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Laura Owens
at the Museum of Contemporary Art, Los Angeles







Signs in the Forest
by Irit Krygier

Owens paintings are challenging and difficult. They are each quite particular, not conforming to any notion of serial production or thematic development. They insist on being looked at closely and over time. They demand an attentive gaze, a careful accounting of parts. They sometimes seem smart-alecky, but are also very earnest. They resist analysis.
-- Thomas Lawson
in Laura Owens (MOCA)

Her work is both painting and about painting. . . . It's like in a Moliere play, when an actor talks in character and then stands to the side and comments on the play. I believe she's the most important painter to emerge in Southern California in the '90s.
-- Paul Schimmel
interviewed by Dodie Kazanjian in Vogue, April 2002

Laura Owens, one of the higher profile young artists in Los Angeles, is having her first monographic survey at the Museum of Contemporary Art, Los Angeles (MOCA), Mar. 16-June 22, 2003. This show comes only nine years after the 33-year-old artist, who graduated with a master's degree in painting from Cal Arts, first showed in L.A. in the 1994 LACE Annuale curated by Dave Hickey.

The current exhibition features approximately 40 paintings and works on paper, with an accompanying 88-page catalogue, and is the most substantial that MOCA has undertaken for an artist who is still in her first decade of production. Many of the works in the show are borrowed from national and international collections, and the exhibition is booked for a lengthy tour: after its appearance in Los Angeles, it subsequently travels to the Aspen Art Museum (Aug. 2-Sept. 28, 2003), the Milwaukee Art Museum (Oct. 18, 2003-Jan. 18, 2004) and the Museum of Contemporary Art, North Miami (March 4-May 9, 2004).

To say that Laura Owens is an artist who elicits contrasting assessments is an understatement. To her supporters, such as Thomas Lawson, her paintings are "unerringly on-target in their odd mixture of knowing charm and destabilizing cruelty." Owens' fans also include the painter David Hockney, who helped finance the MOCA exhbition, and of course MOCA curator Paul Schimmel, who has shown Owens' work once before, recreating her 1995 debut appearance at Rosamund Felsen Gallery as part of his "Public Offerings" exhibition of 2001.

Owens's detractors, by contrast, dismiss her as being both too hip and too coy by half. She is spread too thin, they say, thanks to the extreme demands put on her production by collectors clamoring for her work -- the waiting list for her paintings reaches several years into the future -- and a punishing international exhibition schedule. What her admirers in her art see as innate charm and acute intelligence, her critics view as cloying sweetness and, particularly to many hard-line conceptualists, a lack of depth.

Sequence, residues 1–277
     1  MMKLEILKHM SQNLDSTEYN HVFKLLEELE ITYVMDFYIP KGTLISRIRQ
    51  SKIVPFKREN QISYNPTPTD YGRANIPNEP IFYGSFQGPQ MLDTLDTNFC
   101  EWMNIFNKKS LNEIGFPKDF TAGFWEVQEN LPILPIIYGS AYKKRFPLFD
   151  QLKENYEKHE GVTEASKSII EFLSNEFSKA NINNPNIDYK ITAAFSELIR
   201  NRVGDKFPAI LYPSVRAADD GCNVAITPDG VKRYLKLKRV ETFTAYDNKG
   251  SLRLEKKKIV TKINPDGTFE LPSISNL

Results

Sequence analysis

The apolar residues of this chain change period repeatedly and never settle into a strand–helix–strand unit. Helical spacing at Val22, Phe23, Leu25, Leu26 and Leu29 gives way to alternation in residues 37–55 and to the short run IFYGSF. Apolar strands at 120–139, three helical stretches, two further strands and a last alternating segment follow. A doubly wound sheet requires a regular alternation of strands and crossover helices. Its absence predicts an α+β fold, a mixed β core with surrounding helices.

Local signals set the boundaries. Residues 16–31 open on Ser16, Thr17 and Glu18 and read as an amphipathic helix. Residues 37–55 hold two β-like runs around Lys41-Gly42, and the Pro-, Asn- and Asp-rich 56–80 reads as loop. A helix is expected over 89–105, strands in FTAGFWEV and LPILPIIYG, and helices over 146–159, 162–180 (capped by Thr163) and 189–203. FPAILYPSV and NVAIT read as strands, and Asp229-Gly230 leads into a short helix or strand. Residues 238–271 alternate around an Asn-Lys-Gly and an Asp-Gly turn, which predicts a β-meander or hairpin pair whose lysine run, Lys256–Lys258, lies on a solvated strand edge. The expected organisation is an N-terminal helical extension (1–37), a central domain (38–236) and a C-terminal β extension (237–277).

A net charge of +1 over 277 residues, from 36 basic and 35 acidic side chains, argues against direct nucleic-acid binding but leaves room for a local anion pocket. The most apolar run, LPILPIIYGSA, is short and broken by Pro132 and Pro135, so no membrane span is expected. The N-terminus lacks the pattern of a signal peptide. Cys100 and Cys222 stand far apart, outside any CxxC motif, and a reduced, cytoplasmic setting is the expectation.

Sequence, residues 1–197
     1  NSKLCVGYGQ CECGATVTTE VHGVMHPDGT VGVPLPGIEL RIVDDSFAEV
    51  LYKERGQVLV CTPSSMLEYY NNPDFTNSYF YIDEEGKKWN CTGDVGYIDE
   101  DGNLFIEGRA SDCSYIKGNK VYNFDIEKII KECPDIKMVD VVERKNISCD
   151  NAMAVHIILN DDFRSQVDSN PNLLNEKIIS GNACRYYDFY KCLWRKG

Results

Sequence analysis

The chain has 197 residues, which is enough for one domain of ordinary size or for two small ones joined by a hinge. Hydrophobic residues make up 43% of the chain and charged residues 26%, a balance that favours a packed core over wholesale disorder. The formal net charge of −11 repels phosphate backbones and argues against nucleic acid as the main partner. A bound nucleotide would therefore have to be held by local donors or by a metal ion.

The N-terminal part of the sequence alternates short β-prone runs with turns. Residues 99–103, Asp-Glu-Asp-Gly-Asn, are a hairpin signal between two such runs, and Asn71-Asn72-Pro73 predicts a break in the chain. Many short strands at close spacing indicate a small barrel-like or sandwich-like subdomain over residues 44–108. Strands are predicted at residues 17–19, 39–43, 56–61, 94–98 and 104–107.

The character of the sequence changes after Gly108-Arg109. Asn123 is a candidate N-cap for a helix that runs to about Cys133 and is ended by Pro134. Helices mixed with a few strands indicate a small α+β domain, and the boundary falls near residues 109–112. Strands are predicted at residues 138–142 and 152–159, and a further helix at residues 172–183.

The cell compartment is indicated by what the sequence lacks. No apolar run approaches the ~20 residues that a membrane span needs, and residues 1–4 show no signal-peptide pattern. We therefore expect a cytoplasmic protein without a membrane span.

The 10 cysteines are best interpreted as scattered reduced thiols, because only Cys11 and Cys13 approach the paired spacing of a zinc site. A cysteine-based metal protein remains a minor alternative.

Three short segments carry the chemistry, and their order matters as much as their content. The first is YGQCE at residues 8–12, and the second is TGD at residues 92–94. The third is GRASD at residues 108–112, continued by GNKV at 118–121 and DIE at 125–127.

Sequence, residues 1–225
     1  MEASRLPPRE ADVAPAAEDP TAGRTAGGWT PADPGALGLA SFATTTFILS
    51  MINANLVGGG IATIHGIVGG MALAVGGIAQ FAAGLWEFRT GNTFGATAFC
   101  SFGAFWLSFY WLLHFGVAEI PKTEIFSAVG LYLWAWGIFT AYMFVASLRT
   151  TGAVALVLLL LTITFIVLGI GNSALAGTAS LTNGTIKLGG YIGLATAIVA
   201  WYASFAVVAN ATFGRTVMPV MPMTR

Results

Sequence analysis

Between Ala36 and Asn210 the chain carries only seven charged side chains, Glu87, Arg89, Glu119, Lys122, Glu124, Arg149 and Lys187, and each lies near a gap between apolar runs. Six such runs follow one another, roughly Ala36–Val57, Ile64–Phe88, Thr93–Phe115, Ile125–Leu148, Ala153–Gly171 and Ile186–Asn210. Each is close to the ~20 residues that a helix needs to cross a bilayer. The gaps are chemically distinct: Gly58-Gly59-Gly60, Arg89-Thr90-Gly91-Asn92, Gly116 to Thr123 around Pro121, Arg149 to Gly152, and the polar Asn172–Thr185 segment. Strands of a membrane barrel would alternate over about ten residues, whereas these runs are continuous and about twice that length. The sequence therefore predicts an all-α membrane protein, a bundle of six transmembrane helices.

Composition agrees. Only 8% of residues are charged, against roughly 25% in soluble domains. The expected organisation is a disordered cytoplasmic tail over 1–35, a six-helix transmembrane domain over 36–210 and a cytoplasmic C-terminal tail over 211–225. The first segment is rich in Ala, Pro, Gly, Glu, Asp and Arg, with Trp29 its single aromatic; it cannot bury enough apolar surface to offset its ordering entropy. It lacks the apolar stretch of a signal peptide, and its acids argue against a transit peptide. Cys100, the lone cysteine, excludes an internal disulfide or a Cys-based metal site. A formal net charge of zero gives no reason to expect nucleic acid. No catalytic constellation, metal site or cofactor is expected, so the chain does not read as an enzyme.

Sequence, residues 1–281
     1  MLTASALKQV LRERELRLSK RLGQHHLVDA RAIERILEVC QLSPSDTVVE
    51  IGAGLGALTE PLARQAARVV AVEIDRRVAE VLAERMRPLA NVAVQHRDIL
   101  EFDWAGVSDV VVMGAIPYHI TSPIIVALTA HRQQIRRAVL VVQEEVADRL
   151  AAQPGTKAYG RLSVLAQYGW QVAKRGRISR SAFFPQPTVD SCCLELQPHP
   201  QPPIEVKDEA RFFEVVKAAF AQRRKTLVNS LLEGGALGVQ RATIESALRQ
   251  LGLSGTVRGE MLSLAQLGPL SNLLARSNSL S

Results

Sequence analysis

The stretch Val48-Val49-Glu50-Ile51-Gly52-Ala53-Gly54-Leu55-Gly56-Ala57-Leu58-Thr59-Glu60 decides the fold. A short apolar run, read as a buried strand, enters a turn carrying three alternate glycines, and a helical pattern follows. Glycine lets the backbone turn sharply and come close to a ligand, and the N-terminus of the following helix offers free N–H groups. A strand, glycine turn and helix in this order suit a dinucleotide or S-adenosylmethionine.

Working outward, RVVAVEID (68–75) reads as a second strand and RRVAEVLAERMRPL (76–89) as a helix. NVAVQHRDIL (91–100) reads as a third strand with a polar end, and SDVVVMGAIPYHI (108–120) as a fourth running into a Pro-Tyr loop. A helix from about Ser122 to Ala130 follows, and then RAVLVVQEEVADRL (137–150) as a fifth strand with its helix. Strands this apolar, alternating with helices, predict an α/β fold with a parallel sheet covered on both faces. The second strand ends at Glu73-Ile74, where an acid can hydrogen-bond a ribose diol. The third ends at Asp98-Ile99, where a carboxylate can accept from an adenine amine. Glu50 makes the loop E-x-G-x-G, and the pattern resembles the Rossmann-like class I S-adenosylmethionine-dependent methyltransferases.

In any case, Owens is ambitious, and her work reveals a sophisticated awareness of the forces at play in the contemporary art world. Her oeuvre is a pastiche of styles informed by current and past critical discourse, and is executed with an attitude of nonchalance, and with an obvious joy taken in paint and painting. She recently described her approach:

I feel that my paintings are very specifically American and have a lot to do with where I come from. I suppose it's a straightforward, Midwestern, no-bones-about-it sensibility and a certain sense of humor. I've always thought that, instead of making the day fit into your painting, you should make the painting fit into your day. A painting should fit into your life. I think that I picked up that idea from Mary Heilmann and her way of working. I met her when she was a visiting artist at Cal Arts, and she had a profound impact on me. Although she's extremely serious about what she's doing, she has a very casual approach to making a painting.

-- Laura Owens, Artforum, Summer 1999

Owens is part of a group of second-generation Los Angeles postmodern artists, a group that also includes Monique Prieto, Ingrid Calame and Kevin Appel, that is credited with reviving the practice of painting in L.A. in the 1990s. This development has its roots in MOCA's breakthrough 1989 exhibition, "A Forest of Signs" (many of the artists who exhibited in that show were their teachers at local art schools). The younger artists happily adopted the mixed references to art history, theory and popular culture, but also embraced the neglected practice of painting with a new excitement.